The Bell Jar

Chapter 4

I don’t know just why my successful evasion of chemistry should have floated into my mind there in Jay Cee’s office.

All the time she talked to me, I saw Mr Manzi standing on thin air in back of Jay Cee’s head, like something conjured up out of a hat, holding his little wooden ball and the test-tube that billowed a great cloud of yellow smoke the day before Easter vacation and smelt of rotten eggs and made all the girls and Mr Manzi laugh.

I felt sorry for Mr Manzi. I felt like going down to him on my hands and knees and apologizing for being such an awful liar.

Jay Cee handed me a pile of story manuscripts and spoke to me much more kindly. I spent the rest of the morning reading the stories and typing out what I thought of them on the pink Interoffice Memo sheets and sending them into the office of Betsy’s editor to be read by Betsy the next day. Jay Cee interrupted me now and then to tell me something practical or a bit of gossip.

Jay Cee was going to lunch that noon with two famous writers, a man and a lady. The man had just sold six short stories to the New Yorker and six to Jay Cee. This surprised me, as I didn’t know magazines bought stories in lots of six, and I was staggered by the thought of the amount of money six stories would probably bring in. Jay Cee said she had to be very careful at this lunch, because the lady writer wrote stories too, but she had never had any in the New Yorker and Jay Cee had only taken one from her in five years. Jay Cee had to flatter the more famous man at the same time as she was careful not to hurt the less famous lady.

When the cherubs in Jay Cee’s French wall-clock waved their wings up and down and put their little gilt trumpets to their lips and pinged out twelve notes one after the other, Jay Cee told me I’d done enough work for the day, and to go off to the Ladies’ Day tour and banquet and to the film première, and she would see me bright and early tomorrow.

Then she slipped a suit jacket over her lilac blouse, pinned a hat of imitation lilacs on the top of her head, powdered her nose briefly and adjusted her thick spectacles. She looked terrible, but very wise. As she left the office, she patted my shoulder with one lilac-gloved hand.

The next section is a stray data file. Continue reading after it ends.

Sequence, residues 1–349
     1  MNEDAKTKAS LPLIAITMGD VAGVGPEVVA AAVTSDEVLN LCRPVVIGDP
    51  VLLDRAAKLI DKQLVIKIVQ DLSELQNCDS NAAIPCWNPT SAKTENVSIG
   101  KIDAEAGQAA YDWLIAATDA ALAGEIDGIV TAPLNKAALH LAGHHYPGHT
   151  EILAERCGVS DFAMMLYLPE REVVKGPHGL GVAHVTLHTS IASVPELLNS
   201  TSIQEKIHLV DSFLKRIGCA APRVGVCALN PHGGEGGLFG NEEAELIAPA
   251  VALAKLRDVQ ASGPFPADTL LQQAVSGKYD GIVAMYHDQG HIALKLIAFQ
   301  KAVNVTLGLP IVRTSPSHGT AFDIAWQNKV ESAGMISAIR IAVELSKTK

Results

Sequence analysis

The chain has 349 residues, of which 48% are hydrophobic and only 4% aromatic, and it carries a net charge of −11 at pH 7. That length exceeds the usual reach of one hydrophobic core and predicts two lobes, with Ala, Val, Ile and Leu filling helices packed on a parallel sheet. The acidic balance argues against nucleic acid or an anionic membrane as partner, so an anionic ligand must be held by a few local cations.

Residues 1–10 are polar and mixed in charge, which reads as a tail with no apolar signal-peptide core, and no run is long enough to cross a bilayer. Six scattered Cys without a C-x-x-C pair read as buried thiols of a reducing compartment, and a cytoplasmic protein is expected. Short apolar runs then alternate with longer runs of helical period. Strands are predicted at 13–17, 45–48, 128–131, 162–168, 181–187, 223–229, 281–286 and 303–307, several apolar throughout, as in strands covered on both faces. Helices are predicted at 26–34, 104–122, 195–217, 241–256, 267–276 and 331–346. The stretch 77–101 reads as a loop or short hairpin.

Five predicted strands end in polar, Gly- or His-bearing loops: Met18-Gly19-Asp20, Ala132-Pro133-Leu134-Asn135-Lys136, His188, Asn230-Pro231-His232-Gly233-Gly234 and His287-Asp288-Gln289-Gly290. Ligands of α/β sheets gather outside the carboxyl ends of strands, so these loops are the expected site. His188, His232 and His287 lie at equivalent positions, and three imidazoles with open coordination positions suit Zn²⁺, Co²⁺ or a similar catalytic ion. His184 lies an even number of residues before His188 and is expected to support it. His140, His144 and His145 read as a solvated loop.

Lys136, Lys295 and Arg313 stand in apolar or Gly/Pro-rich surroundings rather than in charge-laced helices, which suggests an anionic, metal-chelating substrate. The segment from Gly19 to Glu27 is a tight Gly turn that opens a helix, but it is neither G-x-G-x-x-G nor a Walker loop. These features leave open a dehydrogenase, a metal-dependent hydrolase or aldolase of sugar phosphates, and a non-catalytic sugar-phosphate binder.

“Don’t let the wicked city get you down.”

I sat quietly in my swivel chair for a few minutes and thought about Jay Cee. I tried to imagine what it would be like if I were Ee Gee, the famous editor, in an office full of potted rubber plants and African violets my secretary had to water each morning. I wished I had a mother like Jay Cee. Then I’d know what to do.

My own mother wasn’t much help. My mother had taught shorthand and typing to support us ever since my father died, and secretly she hated it and hated him for dying and leaving no money because he didn’t trust life insurance salesmen. She was always on to me to learn shorthand after college, so I’d have a practical skill as well as a college degree. “Even the apostles were tent-makers,” she’d say. “They had to live, just the way we do.”

I dabbled my fingers in the bowl of warm water a Ladies’ Day waitress set down in place of my two empty ice-cream dishes. Then I wiped each finger carefully with my linen napkin which was still quite clean. Then I folded the linen napkin and laid it between my lips and brought my lips down on it precisely. When I put the napkin back on the table a fuzzy pink lip-shape bloomed right in the middle of it like a tiny heart.

I thought what a long way I had come.

The first time I saw a finger-bowl was at the home of my benefactress. It was the custom at my college, the little freckled lady in the Scholarships Office told me, to write to the person whose scholarship you had, if they were still alive, and thank them for it.